Municipal Alliance Committee

Municipal Alliance Committee 2018-01-22T01:02:59+00:00


  • To organize and coordinate efforts involving schools, law enforcement, business groups and other community organizations for the purpose of reducing alcohol and drug abuse.
  • To develop comprehensive and effective education programs in cooperation with our local school district.
  • To develop a comprehensive awareness, outreach and support program for parents and the community at large.


  • To create a network of community leaders, private citizens and representatives from appropriate public and private Human services agencies to coordinate the Alliance activities.
  • To conduct an assessment of our community to determine its needs in relation to alcohol and drug abuse issues.
  • To identify existing efforts and services within the community in order to coordinate projects to avoid duplication and fragmentation.

Alliances, made up of Municipal Volunteers like you, comprise grass roots prevention organizations which are established in over 500 of New Jersey’s Municipalities.

Alliances plan, coordinate, and conduct alcoholism, tobacco and other drug abuse prevention activities to benefit their communities based on extensive needs assessment process and identified priorities.

If you are interested in being part of the Alliance effort in the Township of Washington, contact the Township of Washington Public Library at
at 201-664-4586. Volunteers are needed. Meetings are conducted at the Municipal Complex on the third Thursday of each month.

In March of 1999 the Governor’s Council on Alcoholism and Drug Abuse released a report from their Education committee. The report was written by Chairperson Linda Jeffrey.  The report indicates a significant link among the major social problems of alcohol and drug abuse, juvenile delinquency, bullying and other forms of school violence.  In order to combat these problems, it was recommended that every community be encouraged to reach out to their young people to become members of their Municipal Alliance Committee.  These young people can then describe the climate in their schools. They can discuss their future aspirations. They can describe the impact alcohol and/or drugs have had on their lives.  We must give our young people an opportunity to help develop solutions and possible strategies to make their schools safe and drug free.  We must look at the relationship between drug and alcohol abuse with bullying and other forms of violence in our schools.

There is presently little research that indicates that bullying does affect the social climate of schools on a daily basis. Thus, eroding the sense of safety and well being students have within their school.  The national association of school psychologists reports approximately one in seven children is wither a bully or the victim of a bully.. This breaks down the 5,000,000 elementary and junior high school students nationwide.  Approximately 282,000 students are physically attacked each month in secondary schools.  Research has also shown that an estimated 525,000 attacks, shake-downs and robberies occur each month in our schools. There are 125,000 teachers threatened with physical harm and 5,200 actual assaults take place each month.  Almost eight percent of urban junior and senior high school students miss at least one day of school per month due to fear.  Our state, New Jersey, ranks as the fourth highest nationally in the arrest rate for these serious violent offenses.  Arrests of juveniles for weapons offenses rose forty-five percent for 1989 to 1992.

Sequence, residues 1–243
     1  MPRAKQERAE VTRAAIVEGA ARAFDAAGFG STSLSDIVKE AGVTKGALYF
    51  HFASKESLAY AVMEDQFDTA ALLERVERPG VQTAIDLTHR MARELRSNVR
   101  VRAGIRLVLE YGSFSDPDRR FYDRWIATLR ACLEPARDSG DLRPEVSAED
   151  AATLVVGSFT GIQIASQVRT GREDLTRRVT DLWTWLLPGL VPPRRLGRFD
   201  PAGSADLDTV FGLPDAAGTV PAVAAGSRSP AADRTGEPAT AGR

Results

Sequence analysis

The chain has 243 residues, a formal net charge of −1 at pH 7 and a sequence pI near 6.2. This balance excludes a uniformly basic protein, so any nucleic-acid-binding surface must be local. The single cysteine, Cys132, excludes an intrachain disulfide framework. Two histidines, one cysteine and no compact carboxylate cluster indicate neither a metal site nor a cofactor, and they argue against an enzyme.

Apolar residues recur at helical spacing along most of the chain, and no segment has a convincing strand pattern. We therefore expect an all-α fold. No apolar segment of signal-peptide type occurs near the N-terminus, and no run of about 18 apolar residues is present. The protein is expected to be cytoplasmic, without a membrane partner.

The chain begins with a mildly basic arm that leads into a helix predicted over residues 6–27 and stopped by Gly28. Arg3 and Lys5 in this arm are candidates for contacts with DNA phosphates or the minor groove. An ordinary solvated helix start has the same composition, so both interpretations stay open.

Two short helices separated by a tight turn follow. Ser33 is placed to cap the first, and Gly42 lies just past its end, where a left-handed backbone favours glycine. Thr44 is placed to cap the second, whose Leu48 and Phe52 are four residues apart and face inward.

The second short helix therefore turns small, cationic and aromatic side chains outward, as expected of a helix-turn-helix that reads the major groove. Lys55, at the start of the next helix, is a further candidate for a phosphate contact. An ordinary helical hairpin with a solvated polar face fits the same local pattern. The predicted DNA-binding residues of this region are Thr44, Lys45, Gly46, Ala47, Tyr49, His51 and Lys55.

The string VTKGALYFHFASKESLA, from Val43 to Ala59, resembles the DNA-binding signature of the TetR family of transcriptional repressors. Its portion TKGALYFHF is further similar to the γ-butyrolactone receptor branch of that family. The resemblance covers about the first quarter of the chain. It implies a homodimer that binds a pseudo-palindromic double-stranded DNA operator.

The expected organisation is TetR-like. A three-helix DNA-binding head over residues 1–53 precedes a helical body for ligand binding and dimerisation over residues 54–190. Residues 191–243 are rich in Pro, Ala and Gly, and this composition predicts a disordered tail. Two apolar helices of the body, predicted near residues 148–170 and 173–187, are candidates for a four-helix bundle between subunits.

To address out fundamental concerns about school violence, we must fully understand the link between community, family and school. There is no single reason why a child becomes a bully. However, growing up in a family abusing alcohol and/or drugs may provide the child with experiences that can cause her or she to become a bully.  The same experience that cause one to become a bully can also be the reasons why a child may become the victim of a bully.  Parental alcohol and/or drug abuse builds a foundation for a child’s aggressive behavior in a number of ways.


a. Power and/or coercive disciplinary strategies are used.

b. Nurturing and supervision are lacking.

c. Cooperative social and communication skills are not emphasized.

d. Respect for the rights of others and for ones-self are not taught.

e. Children witness adults aggressive behavior (domestic violence).

f. Children may experience physical and/or sexual abuse.


a. Creates an environment in which a child develops behavior associated with bullying.

b. Inability to trust others.

c. Need for control.